The volatility we have seen in the markets since early February is enough to put bears and bulls alike at unease. Prior to early February, the markets were climbing up and up, making it worth maintaining a long position and buying each and every dip.
Just have a look here at the SPX:
But early February was the warning shot across the bow for the bear market that I expect. If you had been following the advice that I published throughout the third and fourth quarters of last year and into January, you would have converted to 60-70% cash and saved yourself from the headache and loss, which that shot would have inflicted.
Since February, the markets have been up and down. There are times when the market gets locked into a trading range and the market chops and churns, and the past 6 months have been a case in point. I call these periods “meat grinder” markets, because they tend to chew traders up.
Nevertheless, I’ve been on record saying that a bear market will arrive soon – and I had anticipated that it would arrive even sooner. But when things go against our expectations it’s critical not to panic. We must continue to watch the charts, and stick to our analysis and conclusions about what is fueling the larger emerging trend.
So I harken back to three ideas that I’ve been harping on, all of which point to increased market risk.
In This Euphoric Market, 3 Factors Are Fueling Maximum Financial Risk
Bulls currently have the upper hand in this market, but their participation is riding on speculation using increase leverage, and this is dangerous. Let’s consider this in light of 3 of the pillars of my bearishness…
The first pillar is that Treasury supply is ballooning. I expected that to bring pressure on stock and bond prices. It may have, but it’s not obvious because bonds have been treading water and stocks have kept rising, much to my chagrin. I showed you at least part of the reason for that earlier this week-the growing use of leverage, debt financing aka margin, to propel prices higher. This is dangerous because underlying macro liquidity is falling.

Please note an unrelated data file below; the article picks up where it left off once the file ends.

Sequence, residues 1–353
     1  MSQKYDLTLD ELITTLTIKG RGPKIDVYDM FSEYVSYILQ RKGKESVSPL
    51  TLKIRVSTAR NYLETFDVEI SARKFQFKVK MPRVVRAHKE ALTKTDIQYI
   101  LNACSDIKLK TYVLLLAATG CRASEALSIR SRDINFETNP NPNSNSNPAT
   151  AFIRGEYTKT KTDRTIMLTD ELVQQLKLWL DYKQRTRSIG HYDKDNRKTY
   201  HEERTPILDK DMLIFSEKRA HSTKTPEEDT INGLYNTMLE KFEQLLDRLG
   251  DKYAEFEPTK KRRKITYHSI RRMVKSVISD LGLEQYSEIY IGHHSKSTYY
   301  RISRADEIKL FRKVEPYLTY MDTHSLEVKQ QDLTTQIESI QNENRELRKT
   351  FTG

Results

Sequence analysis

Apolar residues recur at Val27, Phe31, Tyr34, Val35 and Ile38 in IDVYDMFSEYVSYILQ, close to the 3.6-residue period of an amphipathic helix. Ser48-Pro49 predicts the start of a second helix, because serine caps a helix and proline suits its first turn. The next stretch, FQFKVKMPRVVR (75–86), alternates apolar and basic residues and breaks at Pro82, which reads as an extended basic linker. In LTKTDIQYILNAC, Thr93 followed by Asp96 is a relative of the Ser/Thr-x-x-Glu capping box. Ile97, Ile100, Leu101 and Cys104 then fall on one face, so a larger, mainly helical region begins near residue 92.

The second pillar is that the strong economic data would keep the Fed on a tightening course. We’ve seen a lot of squealing out of Wall Street that the Fed may, or should, slow its tightening. That’s because some big players are out of position in fixed income and getting squeezed.
But with the topline economic data rising at about the same rate that it has for the past couple of years, there doesn’t seem to be any basis for the Fed to back off. There’s a new sheriff in town, one Jerome Jerry Jay Powell, and he’s a tough guy. He’s what Wall Street pundits call a “hawk” on monetary policy. He says the economy is strong and that there’s no reason to deviate from the set course of tightening policy.
The third pillar is that the economy would run hot, thanks to the bulging federal budget deficit goosing economic activity. And the CPI is ratcheting higher, as it always does when the Fed tightens policy. So a hot economy with rising inflation will keep the Fed on course for the foreseeable future.
But what if the economy doesn’t stay hot? Will the Fed back off? It’s an interesting question now because I saw some hints in the tax data that suggest that maybe, just maybe, the economy is starting to cool. It’s in the excise tax collection data.
The US collects excise taxes on a broad cross section of goods and services. They are based on unit volume of sales, not dollar value of sales. They have therefore been an excellent means of seeing the trend of the economy without the need to make haphazard inflation adjustments.
Total excise and customs tax collections have been rising, suggesting increasing economic activity. There’s no indication of economic weakness, therefore no reason to expect the Fed to back off from its bloodletting, balance sheet “normalization” program.